bims-proned Biomed News
on Proteostasis in neurodegeneration
Issue of 2023‒08‒20
one paper selected by
Verena Kohler

  1. Front Mol Neurosci. 2023 ;16 1214092
      A growing body of evidence supports the beneficial effects of the ketone bodies (KBs), acetoacetate and β-hydroxybutyrate (BHB), on diverse physiological processes and diseases. Hence, KBs have been suggested as therapeutic tools for neurodegenerative diseases. KBs are an alternative fuel during fasting and starvation as they can be converted to Ac-CoA to produce ATP. A ketogenic diet (KD), enriched in fats and low in carbohydrates, induces KB production in the liver and favors their use in the brain. BHB is the most abundant KB in the circulation; in addition to its role as energy fuel, it exerts many actions that impact the set of proteins in the cell and tissue. BHB can covalently bind to proteins in lysine residues as a new post-translational modification (PTM) named β-hydroxybutyrylation (Kbhb). Kbhb has been identified in many proteins where Kbhb sites can be critical for binding to other proteins or cofactors. Kbhb is mostly found in proteins involved in chromatin structure, DNA repair, regulation of spliceosome, transcription, and oxidative phosphorylation. Histones are the most studied family of proteins with this PTM, and H3K9bhb is the best studied histone mark. Their target genes are mainly related to cell metabolism, chromatin remodeling and the control of circadian rhythms. The role of Kbhb on physiological processes is poorly known, but it might link KB metabolism to cell signaling and genome regulation. BHB also impacts the proteome by influencing proteostasis. This KB can modulate the Unfolded Protein Response (UPR) and autophagy, two processes involved in the maintenance of protein homeostasis through the clearance of accumulated unfolded and damaged proteins. BHB can support proteostasis and regulate the UPR to promote metabolism adaptation in the liver and prevent cell damage in the brain. Also, BHB stimulates autophagy aiding to the degradation of accumulated proteins. Protein aggregation is common to proteinopathies like Alzheimer's (AD) and Parkinson's (PD) diseases, where the KD and BHB treatment have shown favorable effects. In the present review, the current literature supporting the effects of KBs on proteome conformation and proteostasis is discussed, as well as its possible impact on AD and PD.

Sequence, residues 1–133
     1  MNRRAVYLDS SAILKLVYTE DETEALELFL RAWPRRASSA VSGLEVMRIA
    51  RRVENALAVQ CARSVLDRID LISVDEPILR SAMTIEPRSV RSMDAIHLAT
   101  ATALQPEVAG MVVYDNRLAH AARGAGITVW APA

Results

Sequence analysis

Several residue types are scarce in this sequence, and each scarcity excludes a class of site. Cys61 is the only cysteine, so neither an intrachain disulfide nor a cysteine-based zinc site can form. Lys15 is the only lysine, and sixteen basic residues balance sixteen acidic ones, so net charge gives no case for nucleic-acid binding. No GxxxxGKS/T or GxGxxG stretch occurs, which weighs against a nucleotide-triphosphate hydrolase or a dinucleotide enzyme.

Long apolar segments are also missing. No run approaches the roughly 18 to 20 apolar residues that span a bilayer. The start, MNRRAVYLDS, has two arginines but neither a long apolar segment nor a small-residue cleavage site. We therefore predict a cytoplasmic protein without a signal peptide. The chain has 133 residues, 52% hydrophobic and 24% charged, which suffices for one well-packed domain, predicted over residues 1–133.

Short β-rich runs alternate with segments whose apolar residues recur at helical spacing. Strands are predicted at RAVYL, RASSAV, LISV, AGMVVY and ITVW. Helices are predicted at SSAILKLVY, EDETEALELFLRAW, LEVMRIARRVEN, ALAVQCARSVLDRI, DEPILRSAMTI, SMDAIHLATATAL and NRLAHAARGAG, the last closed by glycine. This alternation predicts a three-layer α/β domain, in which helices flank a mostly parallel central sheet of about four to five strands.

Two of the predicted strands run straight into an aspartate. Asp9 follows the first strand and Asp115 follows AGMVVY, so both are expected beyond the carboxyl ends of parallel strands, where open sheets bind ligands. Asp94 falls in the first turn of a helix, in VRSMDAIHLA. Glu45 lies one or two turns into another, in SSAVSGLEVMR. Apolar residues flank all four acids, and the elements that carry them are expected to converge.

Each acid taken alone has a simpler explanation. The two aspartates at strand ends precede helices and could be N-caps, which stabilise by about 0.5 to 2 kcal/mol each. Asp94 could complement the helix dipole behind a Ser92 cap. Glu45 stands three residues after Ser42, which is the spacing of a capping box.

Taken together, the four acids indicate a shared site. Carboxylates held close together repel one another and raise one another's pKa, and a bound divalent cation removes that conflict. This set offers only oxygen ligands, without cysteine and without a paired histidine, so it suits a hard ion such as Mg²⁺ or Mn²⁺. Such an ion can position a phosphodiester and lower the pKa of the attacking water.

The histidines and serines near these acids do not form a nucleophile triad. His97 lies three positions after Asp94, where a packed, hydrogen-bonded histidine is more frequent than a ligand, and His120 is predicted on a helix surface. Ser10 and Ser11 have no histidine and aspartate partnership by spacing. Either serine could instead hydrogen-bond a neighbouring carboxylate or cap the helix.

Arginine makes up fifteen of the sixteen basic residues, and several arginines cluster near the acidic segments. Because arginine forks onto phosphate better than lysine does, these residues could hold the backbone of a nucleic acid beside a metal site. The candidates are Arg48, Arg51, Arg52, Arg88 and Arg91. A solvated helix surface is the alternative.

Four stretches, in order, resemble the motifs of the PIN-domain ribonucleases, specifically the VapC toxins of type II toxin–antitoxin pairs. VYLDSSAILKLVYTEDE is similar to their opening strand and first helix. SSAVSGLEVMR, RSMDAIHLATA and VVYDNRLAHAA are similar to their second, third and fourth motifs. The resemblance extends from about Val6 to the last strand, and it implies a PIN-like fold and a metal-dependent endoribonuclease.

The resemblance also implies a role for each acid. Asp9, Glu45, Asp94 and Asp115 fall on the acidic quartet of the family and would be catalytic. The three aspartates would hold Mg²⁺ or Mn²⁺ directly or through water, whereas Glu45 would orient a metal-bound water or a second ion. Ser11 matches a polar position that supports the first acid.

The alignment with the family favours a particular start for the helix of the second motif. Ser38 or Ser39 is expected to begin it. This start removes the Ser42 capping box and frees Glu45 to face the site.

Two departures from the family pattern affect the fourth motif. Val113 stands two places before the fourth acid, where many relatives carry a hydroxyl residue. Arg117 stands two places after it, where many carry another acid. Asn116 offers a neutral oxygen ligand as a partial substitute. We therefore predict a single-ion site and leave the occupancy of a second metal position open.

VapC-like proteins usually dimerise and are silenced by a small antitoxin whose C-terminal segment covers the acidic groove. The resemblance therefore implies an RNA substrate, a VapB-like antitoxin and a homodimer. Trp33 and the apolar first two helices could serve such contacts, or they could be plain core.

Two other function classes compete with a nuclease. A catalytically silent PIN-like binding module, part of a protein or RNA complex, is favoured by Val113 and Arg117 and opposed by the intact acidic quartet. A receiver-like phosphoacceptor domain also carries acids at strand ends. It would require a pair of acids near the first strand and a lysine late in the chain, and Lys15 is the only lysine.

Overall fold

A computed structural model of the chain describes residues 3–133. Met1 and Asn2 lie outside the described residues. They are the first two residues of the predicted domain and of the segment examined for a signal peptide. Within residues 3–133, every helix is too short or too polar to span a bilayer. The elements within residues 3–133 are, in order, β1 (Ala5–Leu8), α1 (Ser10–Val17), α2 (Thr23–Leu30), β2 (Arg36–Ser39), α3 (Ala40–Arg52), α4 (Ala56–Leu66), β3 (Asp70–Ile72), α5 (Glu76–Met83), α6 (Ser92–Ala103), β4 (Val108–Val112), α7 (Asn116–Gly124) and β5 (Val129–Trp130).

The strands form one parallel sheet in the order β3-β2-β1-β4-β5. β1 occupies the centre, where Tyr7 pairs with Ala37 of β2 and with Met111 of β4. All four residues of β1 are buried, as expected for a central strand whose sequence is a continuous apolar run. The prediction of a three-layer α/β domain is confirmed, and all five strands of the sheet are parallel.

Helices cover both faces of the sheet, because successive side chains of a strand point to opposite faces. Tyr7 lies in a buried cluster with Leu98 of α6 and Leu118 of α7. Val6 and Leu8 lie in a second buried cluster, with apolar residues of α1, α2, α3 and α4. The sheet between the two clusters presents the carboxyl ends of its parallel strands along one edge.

Keywords:  autophagy; brain proteinopathies; ketone bodies; proteome adaptation; unfolded protein response; β-hydroxybutyrate; β-hydroxybutyrylation